Plains viscacha

Lagostomus maximus

TAXONOMY

Lagostomus maximus (Desmarest, 1817), type locality unknown; possibly from pampas of Buenos Aires, Argentina.

OTHER COMMON NAMES

English: Vizcacha; French: Viscache, lièvre des pampas. PHYSICAL CHARACTERISTICS

Large rodents with head and body length averaging over 19.7 in (500 mm). Tail length averages 6.9 in (175 mm) and total weight up to 19.8 lb (9 kg). Males tend to be larger than females by approximately 15% in body length and 30% in body weight. Individuals have large, broad heads, and males have a distinctive black mustache and stiff whiskers. Broad black and white stripes on face. Underparts are white and dorsal pelage ranges from gray to brown, depending upon soil color. The tail has stiff hairs, is bare ventrally, and provides support for sitting upright. Digits reduced to three on the hind foot.

DISTRIBUTION

Occurs in southern Paraguay, southeastern Bolivia, and Argentina.

HABITAT

Prefers grassland and steppe habitats at elevations below 9,840 ft (3,000 m). Areas around burrow systems are sparsely vegetated with piles of debris around openings located under bushes.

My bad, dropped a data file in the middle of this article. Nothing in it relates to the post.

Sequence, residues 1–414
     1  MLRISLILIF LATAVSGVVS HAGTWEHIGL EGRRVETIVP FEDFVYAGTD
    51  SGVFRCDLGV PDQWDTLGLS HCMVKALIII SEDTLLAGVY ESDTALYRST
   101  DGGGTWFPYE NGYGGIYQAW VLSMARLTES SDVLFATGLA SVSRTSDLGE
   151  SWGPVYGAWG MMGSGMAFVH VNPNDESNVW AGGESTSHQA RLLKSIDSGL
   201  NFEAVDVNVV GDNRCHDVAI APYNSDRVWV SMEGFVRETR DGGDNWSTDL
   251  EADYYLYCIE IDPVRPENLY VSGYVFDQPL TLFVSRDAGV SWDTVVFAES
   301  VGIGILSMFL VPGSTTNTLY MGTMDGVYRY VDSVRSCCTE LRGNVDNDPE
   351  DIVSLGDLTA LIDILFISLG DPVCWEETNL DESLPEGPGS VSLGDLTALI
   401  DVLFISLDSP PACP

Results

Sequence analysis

BEHAVIOR

Construct elaborate burrows that house successive colonies for decades. Single males defend burrow systems and are the dominant breeders. Variety of vocalizations and gestures are used during aggressive interactions among individuals. Members of colonies produce alarm calls and perform allogrooming.

FEEDING ECOLOGY AND DIET

Feed at night on grasses and seeds. Heavy grazing alters the abundance and diversity of grass species. They are ecologically similar to North American prairie dogs. Almost 94% of diet is grass, resulting in severe grass cover depletion. Cattle and plains viscachas share the same diet.

REPRODUCTIVE BIOLOGY

Polygamous. Gestation 152 days, seasonal breeder with one litter per year in southern portion of range, no more than two litters per year in other ranges. Litter size is two.

CONSERVATION STATUS

Not listed by the IUNC though extinction of local colonies as a result of eradication programs is common.

SIGNIFICANCE TO HUMANS

Considered a competitor with domestic species of livestock. Burrow system presents a potential threat to horses and cattle. Harvested for food and fur. In the past, pelts were exported. ♦

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